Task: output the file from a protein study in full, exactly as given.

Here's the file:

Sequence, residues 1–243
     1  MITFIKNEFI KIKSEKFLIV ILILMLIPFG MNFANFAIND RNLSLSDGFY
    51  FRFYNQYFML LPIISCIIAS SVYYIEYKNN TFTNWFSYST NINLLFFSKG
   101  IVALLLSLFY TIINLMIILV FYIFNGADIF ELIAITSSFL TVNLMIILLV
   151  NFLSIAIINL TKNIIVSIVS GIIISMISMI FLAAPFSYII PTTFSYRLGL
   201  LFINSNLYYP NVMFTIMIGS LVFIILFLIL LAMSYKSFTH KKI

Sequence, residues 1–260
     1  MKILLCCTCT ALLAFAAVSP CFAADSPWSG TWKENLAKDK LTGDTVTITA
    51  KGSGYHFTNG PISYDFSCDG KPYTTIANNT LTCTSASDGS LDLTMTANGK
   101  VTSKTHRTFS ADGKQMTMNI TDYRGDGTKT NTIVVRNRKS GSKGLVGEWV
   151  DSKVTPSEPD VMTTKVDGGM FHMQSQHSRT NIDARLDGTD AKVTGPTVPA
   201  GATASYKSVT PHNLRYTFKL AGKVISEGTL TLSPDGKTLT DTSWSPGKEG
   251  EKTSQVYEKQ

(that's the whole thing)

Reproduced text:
Sequence, residues 1–243
     1  MITFIKNEFI KIKSEKFLIV ILILMLIPFG MNFANFAIND RNLSLSDGFY
    51  FRFYNQYFML LPIISCIIAS SVYYIEYKNN TFTNWFSYST NINLLFFSKG
   101  IVALLLSLFY TIINLMIILV FYIFNGADIF ELIAITSSFL TVNLMIILLV
   151  NFLSIAIINL TKNIIVSIVS GIIISMISMI FLAAPFSYII PTTFSYRLGL
   201  LFINSNLYYP NVMFTIMIGS LVFIILFLIL LAMSYKSFTH KKI

Sequence, residues 1–260
     1  MKILLCCTCT ALLAFAAVSP CFAADSPWSG TWKENLAKDK LTGDTVTITA
    51  KGSGYHFTNG PISYDFSCDG KPYTTIANNT LTCTSASDGS LDLTMTANGK
   101  VTSKTHRTFS ADGKQMTMNI TDYRGDGTKT NTIVVRNRKS GSKGLVGEWV
   151  DSKVTPSEPD VMTTKVDGGM FHMQSQHSRT NIDARLDGTD AKVTGPTVPA
   201  GATASYKSVT PHNLRYTFKL AGKVISEGTL TLSPDGKTLT DTSWSPGKEG
   251  EKTSQVYEKQ